The guy with the eyebrows from Mad Men, whose wife Don was so very inappropriate with that time, the Hotel Manager, is not happy to be hiring scabs. In fact, he makes it devastatingly clear right in the middle of Nathalie's blasé attempt to side with Management against Labor, he's on the side of the picketers. It's just that he is supporting his youngest son's ice dancing habit.
"Russia, 2014. Noel Kruszewski. Remember that name." They look at the young man and his gay ice dancing outfit, and before they can remark on the total gayness of this entire thing, he's like, "He's not gay. Well, he might be gay." Either way they are cool with Noel Kruszewski's ice-dancing ass, because they want jobs and I guess only his dad's eyebrows can provide them with jobs.
Nathalie, see, she's a "great problem solver." Which is true. Especially if you leave out "And an even better problem causer." Additionally, Nathalie "manages" people really well. Which is, again, true. She pops her waspy stinger in there and waits for God to take care of the rest, zinging little heart attacks and random Armenians at anybody who dares to disobey. Randy's got "extensive culinary training," and Mike is great behind the bar: "Quick with the bottle, short with the pour." Eyebrows tells them how impressive they are and then points at Randy, Mike and Nathalie in turn: "Dishwasher. Bellhop. Maid."
Not jobs for white people, which silently irks them in a place they can't quite identify, but as Nathalie says, this is merely a "seedling, from which we will branch out and flourish." Mike is entirely unsure that even this Newman life is sustainable, given that they are a family of crazies, but Nathalie has hope. "This is who we are now. This is us." But as Michelle once said to Romy, "But okay, if those things were so easy to get, wouldn't we already have them?"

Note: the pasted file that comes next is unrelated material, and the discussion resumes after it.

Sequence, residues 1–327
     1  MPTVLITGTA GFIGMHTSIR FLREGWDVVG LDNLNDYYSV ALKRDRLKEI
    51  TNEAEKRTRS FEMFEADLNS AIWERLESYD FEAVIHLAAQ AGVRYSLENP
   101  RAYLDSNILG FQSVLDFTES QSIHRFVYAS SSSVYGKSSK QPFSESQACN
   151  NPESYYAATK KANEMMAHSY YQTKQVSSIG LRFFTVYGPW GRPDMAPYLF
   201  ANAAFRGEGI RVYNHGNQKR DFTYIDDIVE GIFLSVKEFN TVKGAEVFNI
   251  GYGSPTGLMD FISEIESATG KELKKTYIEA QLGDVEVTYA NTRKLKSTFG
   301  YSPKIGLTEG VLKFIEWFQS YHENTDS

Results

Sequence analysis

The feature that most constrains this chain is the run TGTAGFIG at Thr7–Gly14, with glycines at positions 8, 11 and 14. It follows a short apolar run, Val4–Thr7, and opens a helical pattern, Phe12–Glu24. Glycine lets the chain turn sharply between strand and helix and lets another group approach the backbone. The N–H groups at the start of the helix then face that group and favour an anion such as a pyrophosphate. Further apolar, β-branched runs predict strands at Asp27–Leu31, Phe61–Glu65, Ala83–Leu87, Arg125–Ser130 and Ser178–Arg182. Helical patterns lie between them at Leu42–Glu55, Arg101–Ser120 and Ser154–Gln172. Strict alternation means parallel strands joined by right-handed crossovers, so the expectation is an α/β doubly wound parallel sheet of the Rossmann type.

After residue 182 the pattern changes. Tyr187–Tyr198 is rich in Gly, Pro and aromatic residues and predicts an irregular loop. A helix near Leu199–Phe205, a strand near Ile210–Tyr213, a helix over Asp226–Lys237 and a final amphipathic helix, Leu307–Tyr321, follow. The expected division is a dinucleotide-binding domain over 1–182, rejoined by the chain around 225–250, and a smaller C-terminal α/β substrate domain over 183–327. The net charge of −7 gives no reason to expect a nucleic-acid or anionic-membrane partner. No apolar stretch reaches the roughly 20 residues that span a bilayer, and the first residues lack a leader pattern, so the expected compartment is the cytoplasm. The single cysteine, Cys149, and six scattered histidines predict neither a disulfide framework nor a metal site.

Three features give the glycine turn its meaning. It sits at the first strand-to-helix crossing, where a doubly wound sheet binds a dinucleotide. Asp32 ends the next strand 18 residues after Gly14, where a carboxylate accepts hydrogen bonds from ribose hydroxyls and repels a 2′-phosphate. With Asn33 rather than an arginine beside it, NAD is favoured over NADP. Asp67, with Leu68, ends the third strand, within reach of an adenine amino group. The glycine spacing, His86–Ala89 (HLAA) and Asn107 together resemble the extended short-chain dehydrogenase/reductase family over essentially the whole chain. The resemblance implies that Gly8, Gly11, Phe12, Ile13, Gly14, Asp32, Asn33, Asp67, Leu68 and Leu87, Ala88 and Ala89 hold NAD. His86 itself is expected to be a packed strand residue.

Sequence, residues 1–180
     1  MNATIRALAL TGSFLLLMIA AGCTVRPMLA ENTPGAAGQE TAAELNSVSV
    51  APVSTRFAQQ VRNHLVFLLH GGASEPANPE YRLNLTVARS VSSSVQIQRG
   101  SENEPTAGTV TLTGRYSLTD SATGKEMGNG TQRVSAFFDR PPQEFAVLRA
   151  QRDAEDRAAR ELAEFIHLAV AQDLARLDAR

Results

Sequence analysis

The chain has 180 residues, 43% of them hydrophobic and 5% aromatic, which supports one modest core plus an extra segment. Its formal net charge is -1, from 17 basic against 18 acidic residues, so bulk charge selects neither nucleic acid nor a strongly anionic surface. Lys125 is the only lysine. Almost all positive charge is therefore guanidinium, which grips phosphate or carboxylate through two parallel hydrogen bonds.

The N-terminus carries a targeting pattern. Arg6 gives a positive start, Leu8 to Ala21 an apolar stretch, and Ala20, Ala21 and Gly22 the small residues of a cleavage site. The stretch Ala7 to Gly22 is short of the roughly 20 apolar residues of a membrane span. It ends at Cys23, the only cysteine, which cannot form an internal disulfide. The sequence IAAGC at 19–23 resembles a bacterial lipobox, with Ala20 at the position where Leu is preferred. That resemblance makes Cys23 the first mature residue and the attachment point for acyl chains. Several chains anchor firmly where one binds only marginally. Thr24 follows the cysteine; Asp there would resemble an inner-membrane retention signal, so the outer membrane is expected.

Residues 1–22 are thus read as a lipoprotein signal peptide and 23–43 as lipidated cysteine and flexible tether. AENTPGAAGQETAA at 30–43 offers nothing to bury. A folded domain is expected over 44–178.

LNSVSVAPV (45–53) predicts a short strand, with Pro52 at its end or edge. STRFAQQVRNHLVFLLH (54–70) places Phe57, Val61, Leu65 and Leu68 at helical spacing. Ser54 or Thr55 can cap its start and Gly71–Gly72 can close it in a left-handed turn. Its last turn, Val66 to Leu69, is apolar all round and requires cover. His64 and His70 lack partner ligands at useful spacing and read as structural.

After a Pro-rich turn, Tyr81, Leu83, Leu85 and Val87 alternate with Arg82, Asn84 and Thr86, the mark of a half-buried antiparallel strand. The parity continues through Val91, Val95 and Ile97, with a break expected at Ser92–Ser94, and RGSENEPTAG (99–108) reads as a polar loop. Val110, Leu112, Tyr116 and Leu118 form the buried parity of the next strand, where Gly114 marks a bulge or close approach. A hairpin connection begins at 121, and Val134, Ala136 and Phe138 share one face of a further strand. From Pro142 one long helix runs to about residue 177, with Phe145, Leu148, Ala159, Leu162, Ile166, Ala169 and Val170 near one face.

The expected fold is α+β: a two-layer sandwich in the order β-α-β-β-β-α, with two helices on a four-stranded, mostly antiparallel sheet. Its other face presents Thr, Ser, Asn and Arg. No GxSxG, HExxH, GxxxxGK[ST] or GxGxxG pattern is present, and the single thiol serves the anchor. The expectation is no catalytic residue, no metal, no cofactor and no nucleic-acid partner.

"What if you'd have gotten a real job after Dad died, and we could have skipped all this shit?" Nathalie explains that she would have had to sell the house, they'd have gone to a different zip code -- the horror! -- and the boys would have gone to even lousier public schools. The way she says it, you can hear the way Nancy's been telling herself this, every second, for the last six years. If you can accept the lot of a million other widows just like yourself, turn back to page one. If you're a Daredevil Girl looking for your next hit, turn to page 420. She nearly sounds bored, she's heard this speech so much: